Skip to main content
×
×
Home

Diagnosed depression and sociodemographic factors as predictors of mortality in patients with dementia

  • Gemma Lewis (a1), Nomi Werbeloff (a1), Joseph F. Hayes (a2), Robert Howard (a2) and David P. J. Osborn (a2)...
Abstract
Background

Potentially modifiable risk factors for developing dementia have been identified. However, risk factors for increased mortality in patients with diagnosed dementia are not well understood. Identifying factors that influence prognosis would help clinicians plan care and address unmet needs.

Aims

To investigate diagnosed depression and sociodemographic factors as predictors of mortality in patients with dementia in UK secondary clinical care services.

Method

We conducted a cohort study of patients with a dementia diagnosis in an electronic health records database in a UK National Health Service mental health trust.

Results

In 3374 patients with 10 856 person-years of follow-up, comorbid depression was not associated with mortality (adjusted hazard ratio 0.94; 95% CI 0.71–1.24). Single patients had higher mortality than those who were married (adjusted hazard ratio 1.25; 95% CI 1.03–1.50). Patients of Asian ethnicity had lower mortality rates than White British patients (adjusted hazard ratio 0.50; 95% CI 0.34–0.73).

Conclusions

Clinically diagnosed depression does not increase mortality in patients with dementia. Patients who are single are a potential high-mortality risk group. Lower mortality rates in Asian patients with dementia that have been reported in the USA also apply in the UK.

Declaration of interest

None.

  • View HTML
    • Send article to Kindle

      To send this article to your Kindle, first ensure no-reply@cambridge.org is added to your Approved Personal Document E-mail List under your Personal Document Settings on the Manage Your Content and Devices page of your Amazon account. Then enter the ‘name’ part of your Kindle email address below. Find out more about sending to your Kindle. Find out more about sending to your Kindle.

      Note you can select to send to either the @free.kindle.com or @kindle.com variations. ‘@free.kindle.com’ emails are free but can only be sent to your device when it is connected to wi-fi. ‘@kindle.com’ emails can be delivered even when you are not connected to wi-fi, but note that service fees apply.

      Find out more about the Kindle Personal Document Service.

      Diagnosed depression and sociodemographic factors as predictors of mortality in patients with dementia
      Available formats
      ×
      Send article to Dropbox

      To send this article to your Dropbox account, please select one or more formats and confirm that you agree to abide by our usage policies. If this is the first time you use this feature, you will be asked to authorise Cambridge Core to connect with your <service> account. Find out more about sending content to Dropbox.

      Diagnosed depression and sociodemographic factors as predictors of mortality in patients with dementia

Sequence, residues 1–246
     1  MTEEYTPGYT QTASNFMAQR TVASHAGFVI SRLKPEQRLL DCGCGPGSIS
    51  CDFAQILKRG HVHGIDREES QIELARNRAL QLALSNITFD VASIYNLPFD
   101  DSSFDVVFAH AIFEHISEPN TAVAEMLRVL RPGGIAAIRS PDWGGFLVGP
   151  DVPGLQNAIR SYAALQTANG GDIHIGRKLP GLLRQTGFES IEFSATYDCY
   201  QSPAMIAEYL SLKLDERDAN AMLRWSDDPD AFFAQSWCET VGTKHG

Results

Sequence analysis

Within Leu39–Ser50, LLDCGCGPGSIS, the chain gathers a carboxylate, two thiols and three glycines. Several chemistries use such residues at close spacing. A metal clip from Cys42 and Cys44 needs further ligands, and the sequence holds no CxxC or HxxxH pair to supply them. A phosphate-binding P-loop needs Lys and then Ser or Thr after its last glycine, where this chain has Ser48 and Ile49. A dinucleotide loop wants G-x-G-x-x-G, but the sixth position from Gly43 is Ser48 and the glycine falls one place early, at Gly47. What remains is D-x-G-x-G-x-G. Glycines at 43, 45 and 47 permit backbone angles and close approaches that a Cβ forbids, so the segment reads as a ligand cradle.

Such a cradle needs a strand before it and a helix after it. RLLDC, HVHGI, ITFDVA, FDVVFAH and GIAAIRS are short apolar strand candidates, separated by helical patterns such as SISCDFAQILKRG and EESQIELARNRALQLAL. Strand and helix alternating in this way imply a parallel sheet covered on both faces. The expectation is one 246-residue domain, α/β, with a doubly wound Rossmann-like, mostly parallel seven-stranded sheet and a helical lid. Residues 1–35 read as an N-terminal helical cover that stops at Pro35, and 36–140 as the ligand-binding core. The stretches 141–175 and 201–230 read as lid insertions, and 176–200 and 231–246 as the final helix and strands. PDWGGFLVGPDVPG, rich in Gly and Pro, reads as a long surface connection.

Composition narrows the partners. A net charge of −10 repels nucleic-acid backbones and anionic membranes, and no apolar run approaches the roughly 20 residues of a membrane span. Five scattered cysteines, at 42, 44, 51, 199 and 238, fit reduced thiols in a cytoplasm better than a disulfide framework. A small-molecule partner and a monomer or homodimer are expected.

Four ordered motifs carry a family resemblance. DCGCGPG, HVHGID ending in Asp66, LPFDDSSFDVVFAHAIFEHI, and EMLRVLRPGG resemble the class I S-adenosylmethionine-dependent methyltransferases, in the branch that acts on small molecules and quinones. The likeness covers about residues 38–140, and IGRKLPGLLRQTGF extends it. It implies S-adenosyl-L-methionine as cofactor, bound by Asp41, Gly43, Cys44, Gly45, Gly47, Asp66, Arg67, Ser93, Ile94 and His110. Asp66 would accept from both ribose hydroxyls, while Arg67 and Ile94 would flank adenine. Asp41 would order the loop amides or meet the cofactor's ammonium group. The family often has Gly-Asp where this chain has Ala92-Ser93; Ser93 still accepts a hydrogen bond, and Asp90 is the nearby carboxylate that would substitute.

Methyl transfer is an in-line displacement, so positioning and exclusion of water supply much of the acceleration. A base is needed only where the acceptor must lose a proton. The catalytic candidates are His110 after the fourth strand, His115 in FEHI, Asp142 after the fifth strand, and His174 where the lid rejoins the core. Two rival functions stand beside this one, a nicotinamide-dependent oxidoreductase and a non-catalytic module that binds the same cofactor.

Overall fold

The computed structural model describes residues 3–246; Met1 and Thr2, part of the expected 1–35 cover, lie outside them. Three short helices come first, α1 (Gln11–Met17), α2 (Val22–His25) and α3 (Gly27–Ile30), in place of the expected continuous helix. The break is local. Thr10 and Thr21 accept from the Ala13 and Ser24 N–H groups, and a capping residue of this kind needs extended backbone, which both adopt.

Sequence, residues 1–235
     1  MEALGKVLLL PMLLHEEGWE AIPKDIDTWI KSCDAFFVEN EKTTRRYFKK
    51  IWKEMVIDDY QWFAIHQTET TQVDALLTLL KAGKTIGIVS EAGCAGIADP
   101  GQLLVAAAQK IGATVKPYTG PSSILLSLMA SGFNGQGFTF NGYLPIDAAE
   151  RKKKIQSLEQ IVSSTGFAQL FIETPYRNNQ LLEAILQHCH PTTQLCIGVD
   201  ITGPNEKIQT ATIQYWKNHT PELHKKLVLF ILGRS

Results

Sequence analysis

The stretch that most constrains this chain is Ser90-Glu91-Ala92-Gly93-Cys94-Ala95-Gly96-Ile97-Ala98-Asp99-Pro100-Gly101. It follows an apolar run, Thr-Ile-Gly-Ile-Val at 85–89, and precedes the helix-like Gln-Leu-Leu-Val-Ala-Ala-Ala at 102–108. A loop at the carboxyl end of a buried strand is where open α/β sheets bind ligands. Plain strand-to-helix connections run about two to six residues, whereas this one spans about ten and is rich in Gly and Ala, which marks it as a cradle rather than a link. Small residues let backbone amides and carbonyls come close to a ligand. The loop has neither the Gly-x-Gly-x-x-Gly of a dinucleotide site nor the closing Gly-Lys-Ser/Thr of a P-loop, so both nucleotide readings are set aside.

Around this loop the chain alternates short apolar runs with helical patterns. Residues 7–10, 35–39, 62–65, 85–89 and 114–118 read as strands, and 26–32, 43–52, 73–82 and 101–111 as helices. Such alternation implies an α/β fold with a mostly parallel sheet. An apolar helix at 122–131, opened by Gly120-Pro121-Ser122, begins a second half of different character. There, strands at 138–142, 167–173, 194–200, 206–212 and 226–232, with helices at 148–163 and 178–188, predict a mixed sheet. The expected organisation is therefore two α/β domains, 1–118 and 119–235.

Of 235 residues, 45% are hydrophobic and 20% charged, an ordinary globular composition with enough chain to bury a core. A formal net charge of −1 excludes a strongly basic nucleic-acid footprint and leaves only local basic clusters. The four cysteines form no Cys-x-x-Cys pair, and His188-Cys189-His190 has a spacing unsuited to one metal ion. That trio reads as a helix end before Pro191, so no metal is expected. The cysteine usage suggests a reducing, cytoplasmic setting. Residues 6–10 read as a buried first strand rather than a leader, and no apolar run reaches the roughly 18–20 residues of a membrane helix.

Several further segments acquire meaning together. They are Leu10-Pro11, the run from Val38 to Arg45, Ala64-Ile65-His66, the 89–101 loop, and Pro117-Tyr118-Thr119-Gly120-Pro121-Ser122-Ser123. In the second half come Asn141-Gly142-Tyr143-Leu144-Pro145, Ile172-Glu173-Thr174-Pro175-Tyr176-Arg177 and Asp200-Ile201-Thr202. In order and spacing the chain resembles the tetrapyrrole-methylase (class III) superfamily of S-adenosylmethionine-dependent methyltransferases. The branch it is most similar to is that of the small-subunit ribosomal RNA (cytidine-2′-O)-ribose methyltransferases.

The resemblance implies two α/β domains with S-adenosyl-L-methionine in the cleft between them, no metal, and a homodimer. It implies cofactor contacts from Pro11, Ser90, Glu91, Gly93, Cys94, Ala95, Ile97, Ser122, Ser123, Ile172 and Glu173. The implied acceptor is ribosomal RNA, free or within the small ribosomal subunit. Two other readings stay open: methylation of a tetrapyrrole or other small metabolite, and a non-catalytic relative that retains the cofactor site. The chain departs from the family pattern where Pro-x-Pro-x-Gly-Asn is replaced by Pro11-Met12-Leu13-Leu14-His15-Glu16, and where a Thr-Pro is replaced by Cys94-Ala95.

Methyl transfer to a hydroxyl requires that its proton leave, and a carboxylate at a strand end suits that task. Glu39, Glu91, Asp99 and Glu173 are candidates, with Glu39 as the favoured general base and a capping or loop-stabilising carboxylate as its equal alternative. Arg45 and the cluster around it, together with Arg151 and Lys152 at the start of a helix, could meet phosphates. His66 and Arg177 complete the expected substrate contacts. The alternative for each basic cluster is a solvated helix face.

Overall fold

Available formats
      ×
      Send article to Google Drive

      To send this article to your Google Drive account, please select one or more formats and confirm that you agree to abide by our usage policies. If this is the first time you use this feature, you will be asked to authorise Cambridge Core to connect with your <service> account. Find out more about sending content to Google Drive.

      Diagnosed depression and sociodemographic factors as predictors of mortality in patients with dementia
      Available formats
      ×
Copyright
This is an Open Access article, distributed under the terms of the Creative Commons Attribution licence (http://creativecommons.org/licenses/by/4.0/), which permits unrestricted reuse, distribution, and reproduction in any medium, provided the original work is properly cited.
Corresponding author
Correspondence: Gemma Lewis, Division of Psychiatry, University College London, 149 Tottenham Court Road, London W1T 7NF, UK. Email: gemma.lewis@ucl.ac.uk
References
Hide All
1Ahmadi-Abhari, S, Guzman-Castillo, M, Bandosz, P, Shipley, MJ, Muniz-Terrera, G, Singh-Manoux, A, et al. Temporal trend in dementia incidence since 2002 and projections for prevalence in England and Wales to 2040: modelling study. BMJ 2017; 358: j2856.
2Livingston, G, Sommerlad, A, Orgeta, V, Costafreda, SG, Huntley, J, Ames, D, et al. The Lancet Commissions dementia prevention, intervention, and care. Lancet 2017; 390: 2673–734.
3Sjöberg, L, Karlsson, B, Atti, A-R, Skoog, I, Fratiglioni, L, Wang, H-X. Prevalence of depression: comparisons of different depression definitions in population-based samples of older adults. J Affect Disord 2017; 221: 123–31.
4Cuijpers, P, Smit, F. Excess mortality in depression: a meta-analysis of community studies. J Affect Disord 2002; 72: 227–36.
5Petersen, JD, Waldorff, FB, Siersma, VD, Phung, TKT, Bebe, ACKM, Waldemar, G. Major depressive symptoms increase 3-year mortality rate in patients with mild dementia. Int J Alzheimers Dis 2017; 2017: 18.
6Bellelli, G, Frisoni, GB, Turco, R, Trabucchi, M. Depressive symptoms combined with dementia affect 12-months survival in elderly patients after rehabilitation post-hip fracture surgery. Int J Geriatr Psychiatry 2008; 23: 1073–7.
7Burns, A, Lewis, G, Jacoby, R, Levy, R. Factors affecting survival in Alzheimer's disease. Psychol Med 1991; 21: 363–70.